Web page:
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Niawiakum River

From Wikipedia, the free encyclopedia

Niawiakum River
Location of the mouth of the Niawiakum River in Washington
Niawiakum River (the United States)
CountryUnited States
Physical characteristics
SourceWillapa Hills
 ⁃ coordinates46°37′35″N 123°51′46″W / 46.62639°N 123.86278°W / 46.62639; -123.86278[1]
MouthWillapa Bay
 ⁃ coordinates
46°37′48″N 123°56′3″W / 46.63000°N 123.93417°W / 46.63000; -123.93417[1]
 ⁃ elevation
0 ft (0 m)[1]
Length6 mi (9.7 km)[2]

The Niawiakum River is a short river in the U.S. state of Washington. It is approximately 6 miles (9.7 km) long.[2]


The Niawiakum River originates in the hills of the southwestern part of Washington. It flows generally west, emptying into Willapa Bay near Bay Center and the mouth of the Palix River. The river's entire length is only a few miles. The lower half of the Niawiakum River is a broad estuary and tidal marshland. U.S. Route 101 crosses the river near its mouth.


The name "Niawiakum" derives from the Lower Chehalis name for the river.[3]

Natural history

838 acres (339 ha) of the lower river is a protected land preserve called the Niawiakum River Natural Area Preserve, yet most of the land is controlled by Weyerhaeuser which has resulted in significant clearcut logging and damage to the forest and river ecosystems. Two of the largest Western Red Cedar trees in the world, the Niawiakum Giant and the Seal Slough Cedar, sit on Weyerhaeuser land,[4] however, surrounding clearcuts have nearly killed the Seal Slough Cedar. The river estuary and its tidal salt marsh vegetation is among the highest quality of the entire Washington and Oregon coasts.[5][6] There are ongoing efforts to protect more of the Niawiakum estuary along with the nearby Bone River estuary.[7]


The lower Niawiakum River shows traces of the 1700 Cascadia earthquake and associated tsunami. Field trips to the river have been part of a Certificate Program in Tsunami Science and Preparedness offered by the University of Washington (UW) in cooperation with the National Oceanic and Atmospheric Administration (NOAA). The program was the first offered by the International Tsunami Training Institute, set up by NOAA in response to the Indian Ocean tsunami of 2004.[8]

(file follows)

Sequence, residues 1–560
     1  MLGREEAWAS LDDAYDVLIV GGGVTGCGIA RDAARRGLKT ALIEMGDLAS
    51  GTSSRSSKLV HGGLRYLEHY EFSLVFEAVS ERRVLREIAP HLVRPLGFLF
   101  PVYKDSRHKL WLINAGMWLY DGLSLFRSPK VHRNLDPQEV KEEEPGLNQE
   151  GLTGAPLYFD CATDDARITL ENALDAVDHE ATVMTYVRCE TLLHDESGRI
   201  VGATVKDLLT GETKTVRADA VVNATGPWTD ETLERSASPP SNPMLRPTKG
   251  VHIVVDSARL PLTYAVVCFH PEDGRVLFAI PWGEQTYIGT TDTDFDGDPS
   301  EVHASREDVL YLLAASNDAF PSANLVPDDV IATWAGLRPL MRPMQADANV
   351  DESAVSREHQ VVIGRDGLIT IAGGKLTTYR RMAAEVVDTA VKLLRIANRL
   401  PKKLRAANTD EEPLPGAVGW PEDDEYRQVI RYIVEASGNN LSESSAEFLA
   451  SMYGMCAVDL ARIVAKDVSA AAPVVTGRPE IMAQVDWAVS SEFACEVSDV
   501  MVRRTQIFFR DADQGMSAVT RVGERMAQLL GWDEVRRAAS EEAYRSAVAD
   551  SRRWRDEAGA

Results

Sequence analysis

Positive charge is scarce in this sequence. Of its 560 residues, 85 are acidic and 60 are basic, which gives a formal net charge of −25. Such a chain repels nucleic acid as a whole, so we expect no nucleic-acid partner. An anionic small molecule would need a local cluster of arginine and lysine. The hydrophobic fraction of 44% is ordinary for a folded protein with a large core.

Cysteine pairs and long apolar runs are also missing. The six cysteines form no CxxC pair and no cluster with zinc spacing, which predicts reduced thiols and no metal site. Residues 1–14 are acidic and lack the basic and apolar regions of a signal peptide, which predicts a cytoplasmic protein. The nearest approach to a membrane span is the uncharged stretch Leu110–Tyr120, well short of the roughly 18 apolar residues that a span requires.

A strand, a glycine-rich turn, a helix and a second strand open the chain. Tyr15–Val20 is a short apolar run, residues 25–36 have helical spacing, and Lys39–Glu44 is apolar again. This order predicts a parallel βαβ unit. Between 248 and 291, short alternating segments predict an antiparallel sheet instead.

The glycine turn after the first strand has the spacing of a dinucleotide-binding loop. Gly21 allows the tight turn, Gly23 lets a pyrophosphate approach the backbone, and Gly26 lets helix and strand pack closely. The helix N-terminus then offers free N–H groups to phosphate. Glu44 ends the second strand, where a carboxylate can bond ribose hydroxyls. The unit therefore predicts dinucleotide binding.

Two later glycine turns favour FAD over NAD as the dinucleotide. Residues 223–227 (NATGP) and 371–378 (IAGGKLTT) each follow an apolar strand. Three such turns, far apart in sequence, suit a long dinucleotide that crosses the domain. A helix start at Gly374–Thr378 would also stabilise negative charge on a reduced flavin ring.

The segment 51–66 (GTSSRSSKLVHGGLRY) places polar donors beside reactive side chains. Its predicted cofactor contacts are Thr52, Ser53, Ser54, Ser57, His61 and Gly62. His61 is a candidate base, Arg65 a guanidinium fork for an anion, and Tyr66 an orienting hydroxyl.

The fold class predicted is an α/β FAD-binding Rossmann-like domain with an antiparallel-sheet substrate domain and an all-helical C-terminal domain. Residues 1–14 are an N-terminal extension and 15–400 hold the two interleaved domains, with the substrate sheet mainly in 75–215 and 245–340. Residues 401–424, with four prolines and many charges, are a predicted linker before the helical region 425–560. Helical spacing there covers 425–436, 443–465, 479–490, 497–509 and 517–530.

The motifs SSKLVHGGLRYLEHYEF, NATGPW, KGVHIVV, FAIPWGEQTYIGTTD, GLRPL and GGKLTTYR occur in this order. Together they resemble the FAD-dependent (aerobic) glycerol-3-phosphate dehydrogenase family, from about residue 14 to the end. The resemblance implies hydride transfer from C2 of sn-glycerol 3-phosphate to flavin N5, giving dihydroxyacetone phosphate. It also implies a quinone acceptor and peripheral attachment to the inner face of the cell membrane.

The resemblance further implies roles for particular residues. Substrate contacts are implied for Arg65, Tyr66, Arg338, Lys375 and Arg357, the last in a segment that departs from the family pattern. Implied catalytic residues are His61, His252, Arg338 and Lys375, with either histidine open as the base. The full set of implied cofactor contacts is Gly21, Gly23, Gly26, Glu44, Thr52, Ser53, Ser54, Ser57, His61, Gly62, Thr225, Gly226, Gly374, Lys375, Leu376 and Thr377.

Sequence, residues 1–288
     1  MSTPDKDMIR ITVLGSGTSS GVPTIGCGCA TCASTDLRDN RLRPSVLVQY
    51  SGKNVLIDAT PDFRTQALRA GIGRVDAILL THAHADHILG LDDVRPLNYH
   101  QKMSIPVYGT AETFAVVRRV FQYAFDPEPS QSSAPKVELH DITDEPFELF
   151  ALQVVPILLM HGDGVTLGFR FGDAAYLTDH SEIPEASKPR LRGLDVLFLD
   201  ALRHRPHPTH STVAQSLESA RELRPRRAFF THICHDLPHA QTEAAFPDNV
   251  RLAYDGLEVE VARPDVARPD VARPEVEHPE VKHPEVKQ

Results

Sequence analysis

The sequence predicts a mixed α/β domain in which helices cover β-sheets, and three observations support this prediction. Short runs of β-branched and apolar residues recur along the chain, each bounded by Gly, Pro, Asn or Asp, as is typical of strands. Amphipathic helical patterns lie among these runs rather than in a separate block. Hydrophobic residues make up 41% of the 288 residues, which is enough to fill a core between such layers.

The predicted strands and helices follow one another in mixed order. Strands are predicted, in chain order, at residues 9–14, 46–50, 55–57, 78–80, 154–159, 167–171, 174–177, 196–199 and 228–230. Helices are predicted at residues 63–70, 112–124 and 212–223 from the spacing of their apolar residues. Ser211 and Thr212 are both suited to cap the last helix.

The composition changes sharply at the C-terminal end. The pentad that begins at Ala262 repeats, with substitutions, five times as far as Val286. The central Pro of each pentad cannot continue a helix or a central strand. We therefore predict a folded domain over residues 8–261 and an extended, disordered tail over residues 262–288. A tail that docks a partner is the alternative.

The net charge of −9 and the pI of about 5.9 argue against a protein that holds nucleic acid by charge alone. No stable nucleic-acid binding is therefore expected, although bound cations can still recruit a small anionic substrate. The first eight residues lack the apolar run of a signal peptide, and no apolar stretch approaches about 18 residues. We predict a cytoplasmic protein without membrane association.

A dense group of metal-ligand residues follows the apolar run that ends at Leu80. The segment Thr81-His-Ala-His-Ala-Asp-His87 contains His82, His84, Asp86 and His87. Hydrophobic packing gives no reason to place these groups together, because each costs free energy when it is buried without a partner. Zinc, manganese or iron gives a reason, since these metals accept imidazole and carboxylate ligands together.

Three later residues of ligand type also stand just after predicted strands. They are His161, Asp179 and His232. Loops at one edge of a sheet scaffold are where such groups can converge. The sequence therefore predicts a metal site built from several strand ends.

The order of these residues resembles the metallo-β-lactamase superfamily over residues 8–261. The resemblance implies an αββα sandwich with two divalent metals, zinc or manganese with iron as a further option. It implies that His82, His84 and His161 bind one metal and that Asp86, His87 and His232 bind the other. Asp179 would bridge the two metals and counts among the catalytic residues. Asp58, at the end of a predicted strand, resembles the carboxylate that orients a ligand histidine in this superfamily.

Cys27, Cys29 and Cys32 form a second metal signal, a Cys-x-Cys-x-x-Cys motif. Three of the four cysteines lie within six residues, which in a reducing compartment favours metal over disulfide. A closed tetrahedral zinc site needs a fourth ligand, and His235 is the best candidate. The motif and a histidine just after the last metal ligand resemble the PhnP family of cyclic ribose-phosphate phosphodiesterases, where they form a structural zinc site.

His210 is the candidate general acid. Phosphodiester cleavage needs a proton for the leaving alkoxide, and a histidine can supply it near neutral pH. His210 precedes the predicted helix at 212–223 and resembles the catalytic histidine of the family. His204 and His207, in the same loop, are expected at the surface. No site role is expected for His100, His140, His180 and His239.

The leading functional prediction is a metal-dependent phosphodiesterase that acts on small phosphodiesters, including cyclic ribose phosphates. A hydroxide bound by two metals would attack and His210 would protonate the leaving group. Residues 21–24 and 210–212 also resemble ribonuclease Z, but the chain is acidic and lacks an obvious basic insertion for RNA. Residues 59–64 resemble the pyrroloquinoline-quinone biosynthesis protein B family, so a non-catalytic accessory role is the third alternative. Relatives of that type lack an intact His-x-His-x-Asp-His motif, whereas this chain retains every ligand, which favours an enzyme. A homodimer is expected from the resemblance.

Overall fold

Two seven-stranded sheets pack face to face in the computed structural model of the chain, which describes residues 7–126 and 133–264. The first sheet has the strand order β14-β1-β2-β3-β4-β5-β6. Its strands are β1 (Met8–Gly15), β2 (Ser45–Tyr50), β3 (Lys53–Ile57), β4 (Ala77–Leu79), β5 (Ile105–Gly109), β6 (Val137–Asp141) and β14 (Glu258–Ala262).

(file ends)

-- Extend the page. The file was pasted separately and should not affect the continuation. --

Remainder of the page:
See also


  1. ^ a b c U.S. Geological Survey Geographic Names Information System: Niawiakum River
  2. ^ a b Calculated in Google Earth
  3. ^ Bright, William (2007). Native American placenames of the United States. University of Oklahoma Press. p. 325. ISBN 978-0-8061-3598-4.
  4. ^ {{url=}}
  5. ^ "Niawiakum River NAP". Washington State Department of Natural Resources. Archived from the original on 2009-09-01. Retrieved 2009-06-02.
  6. ^ "Niawiakum River NAP". Washington Wildlife and Recreation Coalition. Retrieved 2009-06-02.
  7. ^ "Bone River & Niawiakum River NAPs". Washington Wildlife and Recreation Coalition. Retrieved 2009-06-02.
  8. ^ "USGS Scientist Shows Evidence for 300-Year-Old Tsunami to Participants in International Tsunami Training Institute". Sound Waves Monthly Newsletter. United States Geological Survey. Retrieved 2009-06-02.
This page was last edited on 23 September 2019, at 00:47
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